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Exploring the vocational skills and career aspirations of Syrian refugees.

Updated: Feb 16, 2022

The labour market integration of Syrian refugees in Norway. A Master thesis part of the MAVI Project written by Josh Dickstein.

Josh Dickstein with his supervisor Norma Wong

Blogpost written by Josh Dickstein, University Lecturer at VID Specialized University and member of MIGREL research group.

The journey began in 2019 with a request to intern at The Centre for Intercultural Communication (SIK) through the European Master in Migration and Intercultural Relations (EMMIR). Prof. Dr. Gunhild Odden took me under her wing and introduced me to a fascinating avenue of research: MAVI (Mellom Ambisjoner og Virkelighet), focusing on a potential gap between refugee dreams/ambitions/aspirations and the ‘reality’ they face related to the process of integrating into the Norwegian labour market.

Read more about the MAVI project

During my internship, I was invited to write my master’s thesis within the greater research project of MAVI and I was welcomed to participate in meetings related to the project during the process of writing my thesis. Although I had already begun to develop working relationships with Oleksandr Ryndyk and Norma Wong from SIK, it was through the regular meetings that I became familiar with the rest of the MAVI team. Although I was in many ways the newest MAVI member, I was encouraged by the team to share ownership over the project. My main contribution to MAVI involved considering the vocational skill levels of refugees and the influence that may have had on their experience integrating into the Norwegian labour market.

I contributed to the design of the interview guide in cooperation with members of MAVI and in conjunction with the approval by my supervisor at the time, Norma, as well as Gunhild. It was stimulating to pilot interview questions, often reformulating them in the test phase to elicit more candid responses.

During the data collection phase, an interpreter was present for the participants who felt most comfortable speaking Arabic during the interview. This was both a challenging and rewarding experience. It was special to observe participants feel empowered to express themselves freely in their own language, instead of struggle to articulate their feelings in Norwegian (or English). Furthermore, all the participants knew enough Norwegian to frequently confirm the interpreter’s translations. This was not only reassuring for the participants emotionally, as they understood their responses were being accurately conveyed, but also for the reliability of the data. I specifically employed feminist methodologies, because it permits the opportunity to display empathy during the interviews and allows for a ‘human connection’ that is often stereotyped as missing during academic research on vulnerable groups. This felt especially appropriate given that the data collection phase took place during a global pandemic, which only increased the sense of isolation already experienced by many refugees.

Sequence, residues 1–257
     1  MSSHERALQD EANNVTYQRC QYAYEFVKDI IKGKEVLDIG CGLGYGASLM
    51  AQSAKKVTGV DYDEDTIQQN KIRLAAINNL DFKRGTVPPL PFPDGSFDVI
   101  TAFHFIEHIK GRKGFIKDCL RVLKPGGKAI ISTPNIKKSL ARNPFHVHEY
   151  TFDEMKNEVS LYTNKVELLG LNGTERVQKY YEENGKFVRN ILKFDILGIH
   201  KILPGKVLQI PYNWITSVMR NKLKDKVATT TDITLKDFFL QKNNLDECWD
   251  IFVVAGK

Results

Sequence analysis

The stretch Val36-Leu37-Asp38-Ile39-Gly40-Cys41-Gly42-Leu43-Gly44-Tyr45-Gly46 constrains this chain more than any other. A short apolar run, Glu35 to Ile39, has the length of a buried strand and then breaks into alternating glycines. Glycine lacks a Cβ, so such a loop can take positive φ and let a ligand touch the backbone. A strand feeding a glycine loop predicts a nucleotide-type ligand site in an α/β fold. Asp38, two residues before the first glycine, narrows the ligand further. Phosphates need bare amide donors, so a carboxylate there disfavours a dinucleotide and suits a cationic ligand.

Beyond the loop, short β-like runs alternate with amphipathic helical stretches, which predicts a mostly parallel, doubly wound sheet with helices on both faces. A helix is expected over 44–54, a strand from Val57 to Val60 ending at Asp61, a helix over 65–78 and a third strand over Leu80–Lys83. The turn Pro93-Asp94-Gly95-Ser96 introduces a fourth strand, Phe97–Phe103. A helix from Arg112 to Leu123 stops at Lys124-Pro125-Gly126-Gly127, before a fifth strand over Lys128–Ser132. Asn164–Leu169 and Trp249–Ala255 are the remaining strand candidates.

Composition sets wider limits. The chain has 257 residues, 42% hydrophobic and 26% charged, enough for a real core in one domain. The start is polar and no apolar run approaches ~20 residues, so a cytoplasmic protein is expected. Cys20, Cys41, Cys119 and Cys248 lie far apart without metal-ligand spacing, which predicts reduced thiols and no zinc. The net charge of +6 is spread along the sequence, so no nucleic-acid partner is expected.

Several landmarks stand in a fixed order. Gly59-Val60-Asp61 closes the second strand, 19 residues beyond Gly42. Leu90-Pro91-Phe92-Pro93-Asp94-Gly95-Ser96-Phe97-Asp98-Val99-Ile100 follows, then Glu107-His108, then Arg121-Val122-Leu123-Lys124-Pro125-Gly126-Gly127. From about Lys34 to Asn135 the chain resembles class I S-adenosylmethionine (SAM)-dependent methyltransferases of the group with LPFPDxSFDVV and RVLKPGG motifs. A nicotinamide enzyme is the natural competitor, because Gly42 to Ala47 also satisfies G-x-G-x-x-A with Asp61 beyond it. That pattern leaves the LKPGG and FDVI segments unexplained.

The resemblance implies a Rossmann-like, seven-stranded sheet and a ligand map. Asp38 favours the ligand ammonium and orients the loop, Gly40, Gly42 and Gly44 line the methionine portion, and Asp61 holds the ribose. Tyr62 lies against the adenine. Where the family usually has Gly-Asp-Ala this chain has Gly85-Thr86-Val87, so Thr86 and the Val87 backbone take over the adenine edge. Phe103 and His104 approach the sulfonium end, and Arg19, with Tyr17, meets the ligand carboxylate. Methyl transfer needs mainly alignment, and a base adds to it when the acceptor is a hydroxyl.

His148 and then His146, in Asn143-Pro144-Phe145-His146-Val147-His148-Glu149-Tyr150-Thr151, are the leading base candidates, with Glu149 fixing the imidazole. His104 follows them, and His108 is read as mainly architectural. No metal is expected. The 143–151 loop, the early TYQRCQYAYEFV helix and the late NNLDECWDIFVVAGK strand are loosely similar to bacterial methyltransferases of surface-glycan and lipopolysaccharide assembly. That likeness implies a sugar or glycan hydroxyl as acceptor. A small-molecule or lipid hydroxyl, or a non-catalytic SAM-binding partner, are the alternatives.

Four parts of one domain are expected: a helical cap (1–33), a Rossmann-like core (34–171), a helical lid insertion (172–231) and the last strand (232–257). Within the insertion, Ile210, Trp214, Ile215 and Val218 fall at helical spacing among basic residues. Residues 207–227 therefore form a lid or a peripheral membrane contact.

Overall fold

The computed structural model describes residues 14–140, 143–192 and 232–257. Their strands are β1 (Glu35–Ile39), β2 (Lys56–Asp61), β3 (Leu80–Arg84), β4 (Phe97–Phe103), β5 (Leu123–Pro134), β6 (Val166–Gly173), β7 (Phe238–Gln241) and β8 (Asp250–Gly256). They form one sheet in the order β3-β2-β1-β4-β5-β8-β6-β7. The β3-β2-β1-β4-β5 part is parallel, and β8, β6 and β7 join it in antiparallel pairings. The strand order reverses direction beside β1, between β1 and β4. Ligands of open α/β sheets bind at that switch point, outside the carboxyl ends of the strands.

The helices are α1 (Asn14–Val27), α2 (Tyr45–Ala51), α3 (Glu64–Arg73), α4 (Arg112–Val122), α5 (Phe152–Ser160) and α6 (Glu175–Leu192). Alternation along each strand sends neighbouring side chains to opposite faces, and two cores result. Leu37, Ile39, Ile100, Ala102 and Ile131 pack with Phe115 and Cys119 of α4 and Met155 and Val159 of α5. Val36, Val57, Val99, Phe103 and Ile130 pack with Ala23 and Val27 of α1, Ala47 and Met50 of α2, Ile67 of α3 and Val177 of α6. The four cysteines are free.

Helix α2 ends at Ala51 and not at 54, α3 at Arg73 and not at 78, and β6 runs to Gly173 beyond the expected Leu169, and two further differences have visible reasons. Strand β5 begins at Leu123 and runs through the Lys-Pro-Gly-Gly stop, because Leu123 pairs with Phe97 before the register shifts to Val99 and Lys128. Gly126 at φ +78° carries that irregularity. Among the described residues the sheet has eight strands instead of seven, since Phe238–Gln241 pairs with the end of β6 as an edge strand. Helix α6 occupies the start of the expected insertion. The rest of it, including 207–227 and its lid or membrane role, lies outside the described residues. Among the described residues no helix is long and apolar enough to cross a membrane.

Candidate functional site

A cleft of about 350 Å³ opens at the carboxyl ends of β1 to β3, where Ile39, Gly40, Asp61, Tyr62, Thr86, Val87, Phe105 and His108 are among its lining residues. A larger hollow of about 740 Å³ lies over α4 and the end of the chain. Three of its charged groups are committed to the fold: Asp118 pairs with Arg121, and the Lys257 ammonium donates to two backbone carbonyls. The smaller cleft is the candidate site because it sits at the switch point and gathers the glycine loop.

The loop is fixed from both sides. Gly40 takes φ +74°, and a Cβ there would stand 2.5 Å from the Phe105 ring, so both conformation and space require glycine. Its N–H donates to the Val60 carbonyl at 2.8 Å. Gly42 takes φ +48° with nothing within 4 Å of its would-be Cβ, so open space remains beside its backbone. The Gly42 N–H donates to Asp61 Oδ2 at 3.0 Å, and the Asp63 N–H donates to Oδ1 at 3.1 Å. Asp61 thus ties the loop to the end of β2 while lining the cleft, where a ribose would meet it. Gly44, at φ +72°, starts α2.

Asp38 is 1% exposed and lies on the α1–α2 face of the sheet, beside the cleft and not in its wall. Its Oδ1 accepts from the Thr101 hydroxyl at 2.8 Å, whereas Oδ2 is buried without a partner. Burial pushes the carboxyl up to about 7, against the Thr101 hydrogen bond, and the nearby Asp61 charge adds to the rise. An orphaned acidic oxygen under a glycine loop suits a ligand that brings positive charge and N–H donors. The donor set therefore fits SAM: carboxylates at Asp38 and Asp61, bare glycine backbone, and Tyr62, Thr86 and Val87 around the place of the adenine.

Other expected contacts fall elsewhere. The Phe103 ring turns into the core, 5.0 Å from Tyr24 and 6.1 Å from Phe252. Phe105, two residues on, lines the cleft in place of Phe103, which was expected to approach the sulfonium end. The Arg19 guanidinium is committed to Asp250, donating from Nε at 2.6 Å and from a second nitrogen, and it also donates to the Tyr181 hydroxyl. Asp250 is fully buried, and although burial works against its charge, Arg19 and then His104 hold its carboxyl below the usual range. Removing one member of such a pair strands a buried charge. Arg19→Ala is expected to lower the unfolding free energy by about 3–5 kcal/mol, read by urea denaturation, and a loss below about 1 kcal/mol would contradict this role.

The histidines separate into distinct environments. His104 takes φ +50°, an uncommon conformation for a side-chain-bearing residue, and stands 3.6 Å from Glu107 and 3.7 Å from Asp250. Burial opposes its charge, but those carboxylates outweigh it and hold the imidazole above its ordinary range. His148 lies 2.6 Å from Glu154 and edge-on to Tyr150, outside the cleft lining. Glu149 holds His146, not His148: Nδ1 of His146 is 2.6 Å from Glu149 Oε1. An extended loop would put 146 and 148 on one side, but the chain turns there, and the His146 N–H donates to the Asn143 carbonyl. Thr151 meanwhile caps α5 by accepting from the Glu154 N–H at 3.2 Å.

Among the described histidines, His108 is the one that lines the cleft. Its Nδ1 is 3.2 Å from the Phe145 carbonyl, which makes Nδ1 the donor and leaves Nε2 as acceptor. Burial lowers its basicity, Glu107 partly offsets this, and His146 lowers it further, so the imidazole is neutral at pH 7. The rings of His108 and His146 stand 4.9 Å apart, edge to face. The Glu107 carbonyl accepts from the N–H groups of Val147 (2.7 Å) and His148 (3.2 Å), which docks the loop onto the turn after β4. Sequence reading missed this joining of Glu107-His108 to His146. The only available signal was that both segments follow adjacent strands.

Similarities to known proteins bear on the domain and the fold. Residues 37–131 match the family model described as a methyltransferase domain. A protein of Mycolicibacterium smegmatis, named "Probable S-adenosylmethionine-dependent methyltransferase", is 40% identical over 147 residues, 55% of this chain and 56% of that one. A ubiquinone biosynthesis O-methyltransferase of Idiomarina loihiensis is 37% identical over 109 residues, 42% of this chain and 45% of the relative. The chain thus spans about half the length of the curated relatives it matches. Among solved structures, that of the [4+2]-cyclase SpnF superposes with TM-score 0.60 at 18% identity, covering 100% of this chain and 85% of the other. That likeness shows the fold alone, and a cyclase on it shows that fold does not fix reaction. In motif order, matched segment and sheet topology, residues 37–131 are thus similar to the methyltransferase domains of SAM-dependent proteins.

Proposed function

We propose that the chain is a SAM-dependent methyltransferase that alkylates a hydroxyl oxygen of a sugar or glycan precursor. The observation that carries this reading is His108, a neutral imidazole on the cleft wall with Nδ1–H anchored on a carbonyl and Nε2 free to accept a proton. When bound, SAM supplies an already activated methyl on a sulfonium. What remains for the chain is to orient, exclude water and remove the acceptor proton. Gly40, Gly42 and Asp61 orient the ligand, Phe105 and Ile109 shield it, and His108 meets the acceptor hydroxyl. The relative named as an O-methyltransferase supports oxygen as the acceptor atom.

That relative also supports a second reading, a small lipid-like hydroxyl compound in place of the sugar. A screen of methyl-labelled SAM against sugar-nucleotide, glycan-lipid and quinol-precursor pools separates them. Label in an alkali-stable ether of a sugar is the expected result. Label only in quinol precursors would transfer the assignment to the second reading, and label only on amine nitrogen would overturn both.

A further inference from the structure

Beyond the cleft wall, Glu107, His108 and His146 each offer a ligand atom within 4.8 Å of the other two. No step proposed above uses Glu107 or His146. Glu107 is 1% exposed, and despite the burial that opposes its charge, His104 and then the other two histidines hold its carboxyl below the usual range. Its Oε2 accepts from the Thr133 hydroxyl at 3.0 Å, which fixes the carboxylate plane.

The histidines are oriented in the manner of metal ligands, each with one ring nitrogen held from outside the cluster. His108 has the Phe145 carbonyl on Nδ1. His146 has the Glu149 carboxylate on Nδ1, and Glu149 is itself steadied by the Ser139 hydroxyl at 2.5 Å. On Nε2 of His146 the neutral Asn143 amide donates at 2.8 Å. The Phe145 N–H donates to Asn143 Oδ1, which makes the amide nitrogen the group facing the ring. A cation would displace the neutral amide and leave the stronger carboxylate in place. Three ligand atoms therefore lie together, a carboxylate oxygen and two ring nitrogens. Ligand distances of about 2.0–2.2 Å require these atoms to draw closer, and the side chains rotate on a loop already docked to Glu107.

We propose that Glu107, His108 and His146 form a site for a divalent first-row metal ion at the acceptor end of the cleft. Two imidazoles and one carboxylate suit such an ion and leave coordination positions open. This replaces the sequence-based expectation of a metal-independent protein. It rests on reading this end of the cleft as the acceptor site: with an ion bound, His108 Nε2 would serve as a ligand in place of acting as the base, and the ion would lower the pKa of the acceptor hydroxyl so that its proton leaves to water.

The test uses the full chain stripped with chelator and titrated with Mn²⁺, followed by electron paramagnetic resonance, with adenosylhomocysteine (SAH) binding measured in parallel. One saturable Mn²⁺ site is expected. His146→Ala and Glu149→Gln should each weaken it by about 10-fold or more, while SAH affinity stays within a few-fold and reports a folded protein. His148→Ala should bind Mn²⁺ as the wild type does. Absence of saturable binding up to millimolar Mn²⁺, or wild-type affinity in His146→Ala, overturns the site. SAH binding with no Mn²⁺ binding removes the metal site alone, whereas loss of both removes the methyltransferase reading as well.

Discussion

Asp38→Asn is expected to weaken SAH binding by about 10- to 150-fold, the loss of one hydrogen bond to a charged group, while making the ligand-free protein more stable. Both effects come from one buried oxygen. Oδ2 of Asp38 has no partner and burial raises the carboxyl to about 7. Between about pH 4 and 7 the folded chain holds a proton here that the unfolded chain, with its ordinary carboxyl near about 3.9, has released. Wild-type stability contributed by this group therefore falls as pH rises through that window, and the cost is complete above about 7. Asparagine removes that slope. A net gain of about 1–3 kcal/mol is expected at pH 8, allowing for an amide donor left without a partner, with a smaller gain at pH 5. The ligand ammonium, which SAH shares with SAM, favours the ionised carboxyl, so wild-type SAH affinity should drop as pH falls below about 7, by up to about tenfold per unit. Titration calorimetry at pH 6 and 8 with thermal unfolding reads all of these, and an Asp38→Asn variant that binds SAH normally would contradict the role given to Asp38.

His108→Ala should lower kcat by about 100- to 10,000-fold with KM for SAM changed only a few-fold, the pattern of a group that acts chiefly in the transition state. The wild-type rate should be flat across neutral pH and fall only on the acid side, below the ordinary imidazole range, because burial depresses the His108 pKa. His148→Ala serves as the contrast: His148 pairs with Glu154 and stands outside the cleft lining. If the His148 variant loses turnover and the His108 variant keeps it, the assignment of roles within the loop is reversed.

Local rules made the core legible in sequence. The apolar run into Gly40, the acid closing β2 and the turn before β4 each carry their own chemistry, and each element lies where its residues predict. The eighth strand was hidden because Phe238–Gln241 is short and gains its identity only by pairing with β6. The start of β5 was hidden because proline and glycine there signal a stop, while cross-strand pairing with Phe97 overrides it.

The research topic explores in what ways do the vocational skills and career aspirations of Syrian refugees determine how their integration into the Norwegian labour market is experienced. Syrians represent the largest group of people with a refugee background in Norway. However, there is limited literature that takes into account skill levels when comparing experiences for refugees of the same nationality, recently attempting to integrate into the Norwegian labour market. Four core findings were:

1. Asylum centre attendance is perceived as a demotivating and emotionally exhausting experience.

2. Repeating qualifications and degrees were considered as opportunity to better match labour market aspirations.

3. Language proficiency often led to an inaccurate assessment of professional competency.

4. Responsibility for a family may represent obstacles to labour market integration.

This master thesis called How Do the Vocational Skills and Career Aspirations of Newly Arrived Refugees Shape Their Experience Integrating into the Norwegian Labour Market? was completed and delivered in February 2021 and accepted in April 2021 with grade A.

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